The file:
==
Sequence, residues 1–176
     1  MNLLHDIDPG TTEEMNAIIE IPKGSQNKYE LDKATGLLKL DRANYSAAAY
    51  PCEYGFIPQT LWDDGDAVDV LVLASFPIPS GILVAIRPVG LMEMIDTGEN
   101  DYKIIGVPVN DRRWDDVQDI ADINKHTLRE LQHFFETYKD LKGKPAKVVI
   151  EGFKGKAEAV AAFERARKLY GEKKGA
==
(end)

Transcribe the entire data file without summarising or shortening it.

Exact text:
Sequence, residues 1–176
     1  MNLLHDIDPG TTEEMNAIIE IPKGSQNKYE LDKATGLLKL DRANYSAAAY
    51  PCEYGFIPQT LWDDGDAVDV LVLASFPIPS GILVAIRPVG LMEMIDTGEN
   101  DYKIIGVPVN DRRWDDVQDI ADINKHTLRE LQHFFETYKD LKGKPAKVVI
   151  EGFKGKAEAV AAFERARKLY GEKKGA